The pace of the music slows way down on the next track. “The Times You Chose to Be in My Arms” finds the band trading a modern-day approach to their music for something from back in the 1960s. With the track, Bucky Hayes and the Commonwealth took the song and also added a lot more Country twang to it. The track feels as if someone like Waylon Jennings would have performed the track. There seems to be a rather timeless quality to the track. That timeless feeling helps to add to the all-around Americana classification of the music from the band.

Bucky Hayes and the Commonwealth bring their new album of 100 Miles to Macon to an end with the track “We Gonna Get Stronger Somehow”. The track contains a strong Rock and Roll beat while containing a slight twang to the music. The Alt-Country track shows off the talents of each and every member of the band. The strength of the music and the upbeat nature of the lyrics contained within the song make the song a great choice to be used as the closing track for the album. And with the loose feel to the playing of the band throughout the track, it also contains a fun nature to it.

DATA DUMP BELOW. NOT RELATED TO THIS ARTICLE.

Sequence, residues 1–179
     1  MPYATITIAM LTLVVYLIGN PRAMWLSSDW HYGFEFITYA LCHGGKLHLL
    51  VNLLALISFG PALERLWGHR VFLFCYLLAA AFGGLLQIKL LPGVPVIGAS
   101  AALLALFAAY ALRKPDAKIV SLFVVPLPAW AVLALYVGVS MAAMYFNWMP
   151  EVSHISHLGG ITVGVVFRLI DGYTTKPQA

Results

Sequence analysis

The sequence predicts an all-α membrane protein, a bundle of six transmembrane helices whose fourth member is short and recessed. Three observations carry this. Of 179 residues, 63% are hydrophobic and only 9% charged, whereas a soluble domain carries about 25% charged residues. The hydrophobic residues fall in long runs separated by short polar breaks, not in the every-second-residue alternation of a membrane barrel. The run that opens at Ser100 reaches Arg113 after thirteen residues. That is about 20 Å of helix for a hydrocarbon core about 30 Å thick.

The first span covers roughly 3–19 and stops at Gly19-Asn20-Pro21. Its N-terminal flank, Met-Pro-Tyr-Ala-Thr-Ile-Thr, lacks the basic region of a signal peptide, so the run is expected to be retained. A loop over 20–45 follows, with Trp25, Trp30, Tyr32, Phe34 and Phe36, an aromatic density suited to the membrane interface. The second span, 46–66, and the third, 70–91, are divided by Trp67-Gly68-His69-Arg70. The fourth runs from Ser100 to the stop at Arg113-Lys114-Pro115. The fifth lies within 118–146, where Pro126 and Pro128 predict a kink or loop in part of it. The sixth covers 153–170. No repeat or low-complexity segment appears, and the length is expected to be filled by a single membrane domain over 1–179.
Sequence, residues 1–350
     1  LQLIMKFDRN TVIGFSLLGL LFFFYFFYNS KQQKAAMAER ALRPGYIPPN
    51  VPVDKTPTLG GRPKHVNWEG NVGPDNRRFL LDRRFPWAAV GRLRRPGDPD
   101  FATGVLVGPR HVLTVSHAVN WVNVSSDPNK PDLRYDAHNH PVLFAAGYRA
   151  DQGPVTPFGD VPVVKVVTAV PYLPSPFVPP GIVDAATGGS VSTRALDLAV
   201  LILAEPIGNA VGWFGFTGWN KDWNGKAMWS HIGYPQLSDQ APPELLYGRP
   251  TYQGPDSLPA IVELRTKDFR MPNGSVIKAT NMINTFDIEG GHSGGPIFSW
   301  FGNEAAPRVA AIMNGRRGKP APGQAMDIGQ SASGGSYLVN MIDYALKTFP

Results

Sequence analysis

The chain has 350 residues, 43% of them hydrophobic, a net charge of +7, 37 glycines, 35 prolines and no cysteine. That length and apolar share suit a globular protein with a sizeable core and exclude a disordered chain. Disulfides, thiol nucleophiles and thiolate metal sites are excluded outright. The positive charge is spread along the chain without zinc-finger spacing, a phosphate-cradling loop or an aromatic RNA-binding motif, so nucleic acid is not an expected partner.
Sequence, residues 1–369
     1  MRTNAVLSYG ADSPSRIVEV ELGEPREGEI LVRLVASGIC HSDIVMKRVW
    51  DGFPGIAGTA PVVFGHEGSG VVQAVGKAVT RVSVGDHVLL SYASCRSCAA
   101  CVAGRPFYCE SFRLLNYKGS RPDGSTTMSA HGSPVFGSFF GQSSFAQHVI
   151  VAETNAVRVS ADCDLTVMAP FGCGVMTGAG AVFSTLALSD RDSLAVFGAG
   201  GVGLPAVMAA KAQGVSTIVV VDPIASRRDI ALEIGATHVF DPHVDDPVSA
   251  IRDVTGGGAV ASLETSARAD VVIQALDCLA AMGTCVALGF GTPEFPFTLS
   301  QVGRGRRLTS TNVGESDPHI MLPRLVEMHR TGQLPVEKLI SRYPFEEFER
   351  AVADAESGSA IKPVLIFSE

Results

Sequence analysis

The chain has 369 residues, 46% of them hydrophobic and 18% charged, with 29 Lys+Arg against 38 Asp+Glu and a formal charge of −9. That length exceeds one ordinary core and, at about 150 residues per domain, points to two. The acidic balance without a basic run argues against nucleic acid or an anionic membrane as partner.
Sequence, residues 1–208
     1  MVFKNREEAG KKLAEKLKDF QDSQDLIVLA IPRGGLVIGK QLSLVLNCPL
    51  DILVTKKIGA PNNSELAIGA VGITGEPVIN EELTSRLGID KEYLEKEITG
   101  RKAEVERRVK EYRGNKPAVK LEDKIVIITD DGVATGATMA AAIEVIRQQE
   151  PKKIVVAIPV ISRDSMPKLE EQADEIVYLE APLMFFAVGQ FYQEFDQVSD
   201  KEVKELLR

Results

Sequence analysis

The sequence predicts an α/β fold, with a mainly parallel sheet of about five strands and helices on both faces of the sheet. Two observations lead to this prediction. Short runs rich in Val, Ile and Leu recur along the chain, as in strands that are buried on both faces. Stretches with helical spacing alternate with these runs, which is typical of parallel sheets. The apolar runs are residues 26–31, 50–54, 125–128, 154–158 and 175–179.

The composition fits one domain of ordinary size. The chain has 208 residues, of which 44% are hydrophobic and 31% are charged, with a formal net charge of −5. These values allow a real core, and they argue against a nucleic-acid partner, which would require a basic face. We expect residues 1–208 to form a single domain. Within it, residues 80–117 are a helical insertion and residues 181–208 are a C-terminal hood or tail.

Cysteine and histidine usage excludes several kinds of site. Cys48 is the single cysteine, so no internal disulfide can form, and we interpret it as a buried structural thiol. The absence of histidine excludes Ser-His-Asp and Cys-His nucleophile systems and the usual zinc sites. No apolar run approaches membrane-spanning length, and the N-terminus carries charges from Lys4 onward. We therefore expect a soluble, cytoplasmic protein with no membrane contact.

The 100 Miles to Macon album from Bucky Hayes and the Commonwealth begins strong and continues to be strong throughout the ten tracks that make up the release. While the band does incorporate some other influences to their music, the strong Rock and Roll sound of the band shines through from the beginning note until the last one. If you like a group that knows how to have fun, Bucky Hayes and the Commonwealth is someone you need to check out.